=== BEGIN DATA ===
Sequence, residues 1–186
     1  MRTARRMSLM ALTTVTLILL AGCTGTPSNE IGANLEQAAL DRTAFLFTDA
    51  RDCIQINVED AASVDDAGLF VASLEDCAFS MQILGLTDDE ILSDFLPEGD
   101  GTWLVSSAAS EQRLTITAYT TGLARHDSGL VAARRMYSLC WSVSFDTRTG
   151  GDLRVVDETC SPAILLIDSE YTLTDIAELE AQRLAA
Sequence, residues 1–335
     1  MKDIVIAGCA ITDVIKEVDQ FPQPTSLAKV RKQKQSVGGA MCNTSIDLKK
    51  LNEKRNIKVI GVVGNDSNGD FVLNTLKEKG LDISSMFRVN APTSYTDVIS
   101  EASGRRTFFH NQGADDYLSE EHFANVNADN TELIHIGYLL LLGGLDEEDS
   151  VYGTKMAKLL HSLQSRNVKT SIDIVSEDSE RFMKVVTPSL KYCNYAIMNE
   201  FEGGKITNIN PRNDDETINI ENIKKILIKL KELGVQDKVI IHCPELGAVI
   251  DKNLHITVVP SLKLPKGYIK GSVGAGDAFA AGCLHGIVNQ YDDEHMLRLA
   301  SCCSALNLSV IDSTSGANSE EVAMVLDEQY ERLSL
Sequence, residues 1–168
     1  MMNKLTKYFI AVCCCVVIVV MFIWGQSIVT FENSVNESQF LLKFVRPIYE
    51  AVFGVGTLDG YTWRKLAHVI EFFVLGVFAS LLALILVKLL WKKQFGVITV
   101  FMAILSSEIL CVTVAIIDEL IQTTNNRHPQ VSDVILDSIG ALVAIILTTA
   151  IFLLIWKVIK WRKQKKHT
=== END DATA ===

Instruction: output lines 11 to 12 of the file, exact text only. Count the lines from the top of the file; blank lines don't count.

   201  FEGGKITNIN PRNDDETINI ENIKKILIKL KELGVQDKVI IHCPELGAVI
   251  DKNLHITVVP SLKLPKGYIK GSVGAGDAFA AGCLHGIVNQ YDDEHMLRLA